“We are concerned by this action and continue to urge the Iranian authorities to de-escalate the situation in the region,” it added.
The HMS Montrose is on a three-year mission at the British navy’s support facility in Bahrain, the hub of its naval operations east of the Suez Canal.
Russia and China, both signatories to the nuclear agreement along with Britain, France and Germany, called for restraint. Kremlin spokesman Dmitry Peskov said “freedom of navigation should be ensured in the Persian Gulf and the Strait of Hormuz.”
The U.S. 5th Fleet in Bahrain declined to comment on the incident.
U.S. Central Command spokesman Capt. Bill Urban said CENTCOM was aware of reports of “harassment and attempts to interfere with” the passage of the British Heritage near the Strait of Hormuz by the Islamic Revolutionary Guard’s naval forces.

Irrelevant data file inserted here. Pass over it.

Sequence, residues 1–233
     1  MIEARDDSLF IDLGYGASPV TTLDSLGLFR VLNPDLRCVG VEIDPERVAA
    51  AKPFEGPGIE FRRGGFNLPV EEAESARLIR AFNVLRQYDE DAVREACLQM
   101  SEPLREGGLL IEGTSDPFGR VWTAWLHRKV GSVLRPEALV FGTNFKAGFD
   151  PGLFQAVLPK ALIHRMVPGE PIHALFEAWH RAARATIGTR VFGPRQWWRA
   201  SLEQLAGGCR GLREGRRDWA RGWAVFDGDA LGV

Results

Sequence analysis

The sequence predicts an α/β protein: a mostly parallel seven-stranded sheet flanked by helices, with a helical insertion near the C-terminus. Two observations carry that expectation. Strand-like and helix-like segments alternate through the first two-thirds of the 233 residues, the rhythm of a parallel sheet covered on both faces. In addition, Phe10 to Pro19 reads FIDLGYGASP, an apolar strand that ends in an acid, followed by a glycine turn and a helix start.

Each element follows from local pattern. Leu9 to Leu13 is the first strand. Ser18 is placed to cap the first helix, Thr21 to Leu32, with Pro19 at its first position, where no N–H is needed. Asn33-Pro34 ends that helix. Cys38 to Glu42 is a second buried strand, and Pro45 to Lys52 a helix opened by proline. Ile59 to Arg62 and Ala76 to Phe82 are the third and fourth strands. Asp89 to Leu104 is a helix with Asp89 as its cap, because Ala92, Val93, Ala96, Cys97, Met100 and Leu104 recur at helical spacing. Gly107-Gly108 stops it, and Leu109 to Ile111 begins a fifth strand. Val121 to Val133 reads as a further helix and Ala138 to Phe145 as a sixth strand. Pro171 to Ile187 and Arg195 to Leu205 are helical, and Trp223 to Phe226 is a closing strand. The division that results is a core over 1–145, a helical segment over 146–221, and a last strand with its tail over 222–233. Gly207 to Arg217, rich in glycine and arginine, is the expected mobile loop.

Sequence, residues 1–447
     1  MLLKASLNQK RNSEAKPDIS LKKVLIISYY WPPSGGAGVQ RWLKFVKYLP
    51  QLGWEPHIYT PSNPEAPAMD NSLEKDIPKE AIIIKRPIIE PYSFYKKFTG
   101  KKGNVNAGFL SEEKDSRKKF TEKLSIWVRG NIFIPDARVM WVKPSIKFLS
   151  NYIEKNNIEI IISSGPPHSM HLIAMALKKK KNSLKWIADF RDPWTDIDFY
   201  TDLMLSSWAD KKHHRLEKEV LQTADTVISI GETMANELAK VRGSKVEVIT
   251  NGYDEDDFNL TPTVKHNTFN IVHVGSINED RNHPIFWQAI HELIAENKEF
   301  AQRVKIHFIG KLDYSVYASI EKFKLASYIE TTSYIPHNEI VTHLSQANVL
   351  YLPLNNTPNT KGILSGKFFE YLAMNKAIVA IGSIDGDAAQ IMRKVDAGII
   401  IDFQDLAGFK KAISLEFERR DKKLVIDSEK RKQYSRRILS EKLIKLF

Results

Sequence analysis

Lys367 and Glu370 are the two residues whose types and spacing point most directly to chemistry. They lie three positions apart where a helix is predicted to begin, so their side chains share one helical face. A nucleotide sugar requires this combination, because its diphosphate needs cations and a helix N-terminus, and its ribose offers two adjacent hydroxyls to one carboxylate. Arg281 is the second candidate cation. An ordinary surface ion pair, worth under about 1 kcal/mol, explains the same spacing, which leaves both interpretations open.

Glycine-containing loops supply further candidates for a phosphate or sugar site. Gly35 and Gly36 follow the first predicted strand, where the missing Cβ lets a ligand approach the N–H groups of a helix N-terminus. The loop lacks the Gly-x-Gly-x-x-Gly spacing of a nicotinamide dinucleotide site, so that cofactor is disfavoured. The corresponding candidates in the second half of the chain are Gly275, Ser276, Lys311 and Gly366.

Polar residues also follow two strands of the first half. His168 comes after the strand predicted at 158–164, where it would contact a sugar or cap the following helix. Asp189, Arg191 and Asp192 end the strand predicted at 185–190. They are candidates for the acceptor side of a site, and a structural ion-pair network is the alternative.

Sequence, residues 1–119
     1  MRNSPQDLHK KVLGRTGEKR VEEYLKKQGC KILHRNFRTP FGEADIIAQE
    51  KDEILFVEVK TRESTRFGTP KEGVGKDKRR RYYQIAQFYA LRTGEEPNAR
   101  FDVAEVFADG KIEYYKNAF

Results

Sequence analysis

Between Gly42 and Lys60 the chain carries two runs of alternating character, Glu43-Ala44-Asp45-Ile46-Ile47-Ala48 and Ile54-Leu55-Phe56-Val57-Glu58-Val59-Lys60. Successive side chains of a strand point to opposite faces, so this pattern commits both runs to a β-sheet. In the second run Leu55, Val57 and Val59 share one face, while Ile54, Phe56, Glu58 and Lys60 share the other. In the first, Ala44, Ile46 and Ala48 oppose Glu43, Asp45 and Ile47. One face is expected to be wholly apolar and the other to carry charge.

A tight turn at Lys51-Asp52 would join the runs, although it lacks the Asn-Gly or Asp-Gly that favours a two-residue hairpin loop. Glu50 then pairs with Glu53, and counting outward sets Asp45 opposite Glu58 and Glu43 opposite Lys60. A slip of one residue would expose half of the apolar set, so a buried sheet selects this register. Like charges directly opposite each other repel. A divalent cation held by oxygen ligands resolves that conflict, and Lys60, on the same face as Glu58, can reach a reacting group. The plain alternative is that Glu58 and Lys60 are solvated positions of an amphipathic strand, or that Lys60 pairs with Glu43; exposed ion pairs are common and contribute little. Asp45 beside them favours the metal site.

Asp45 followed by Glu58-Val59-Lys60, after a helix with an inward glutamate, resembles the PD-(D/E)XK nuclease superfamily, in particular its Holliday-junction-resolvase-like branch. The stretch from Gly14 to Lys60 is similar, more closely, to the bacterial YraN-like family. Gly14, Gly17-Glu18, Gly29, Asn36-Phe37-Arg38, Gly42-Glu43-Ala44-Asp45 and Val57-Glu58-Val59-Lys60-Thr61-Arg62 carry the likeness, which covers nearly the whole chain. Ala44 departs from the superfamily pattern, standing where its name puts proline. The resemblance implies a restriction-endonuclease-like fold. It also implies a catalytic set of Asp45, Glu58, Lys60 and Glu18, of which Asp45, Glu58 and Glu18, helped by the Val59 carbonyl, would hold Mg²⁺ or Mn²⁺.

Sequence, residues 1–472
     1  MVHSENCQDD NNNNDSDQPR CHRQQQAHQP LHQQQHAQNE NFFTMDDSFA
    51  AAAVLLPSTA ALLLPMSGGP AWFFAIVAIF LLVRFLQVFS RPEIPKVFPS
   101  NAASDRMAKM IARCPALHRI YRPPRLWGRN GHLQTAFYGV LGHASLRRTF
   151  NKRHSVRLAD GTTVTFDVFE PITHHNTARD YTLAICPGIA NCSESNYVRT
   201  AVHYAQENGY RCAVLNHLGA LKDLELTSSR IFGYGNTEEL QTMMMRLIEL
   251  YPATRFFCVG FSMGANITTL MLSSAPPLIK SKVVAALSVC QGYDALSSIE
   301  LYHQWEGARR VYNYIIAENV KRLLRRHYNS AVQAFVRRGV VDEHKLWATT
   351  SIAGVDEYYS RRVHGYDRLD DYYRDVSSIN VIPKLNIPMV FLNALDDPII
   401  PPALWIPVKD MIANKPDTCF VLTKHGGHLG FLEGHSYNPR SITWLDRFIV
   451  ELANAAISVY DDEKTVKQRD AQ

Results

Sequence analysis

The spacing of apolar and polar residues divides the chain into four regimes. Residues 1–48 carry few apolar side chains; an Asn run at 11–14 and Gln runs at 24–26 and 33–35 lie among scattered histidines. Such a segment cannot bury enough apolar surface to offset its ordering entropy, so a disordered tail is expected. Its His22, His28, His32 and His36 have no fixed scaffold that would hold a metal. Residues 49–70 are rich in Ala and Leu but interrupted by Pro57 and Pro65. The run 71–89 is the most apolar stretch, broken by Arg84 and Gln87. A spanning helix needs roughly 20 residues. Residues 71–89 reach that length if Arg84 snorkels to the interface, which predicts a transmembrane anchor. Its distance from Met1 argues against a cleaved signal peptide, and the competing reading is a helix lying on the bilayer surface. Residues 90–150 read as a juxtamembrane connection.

Threats to freedom of navigation require an international solution, Urban said.
Maritime security risk firm Dryad Global described the British Heritage as an oil tanker operated by BP and registered in the Isle of Man. Lloyd’s List, a publication specializing in maritime affairs, said Shell had chartered the ship from BP.
Lloyd’s List said the British Heritage had diverted from its route to load its 140,000-ton cargo of crude at Basra, Iraq, as planned on July 4, the same day an Iranian supertanker was intercepted off Gibraltar, a British overseas territory. It said the vessel instead headed to Saudi waters where it had remained for several days.
Since July 2, at least 20 British-flagged ships have sailed through the Strait of Hormuz, according to Lloyd’s List Intelligence data.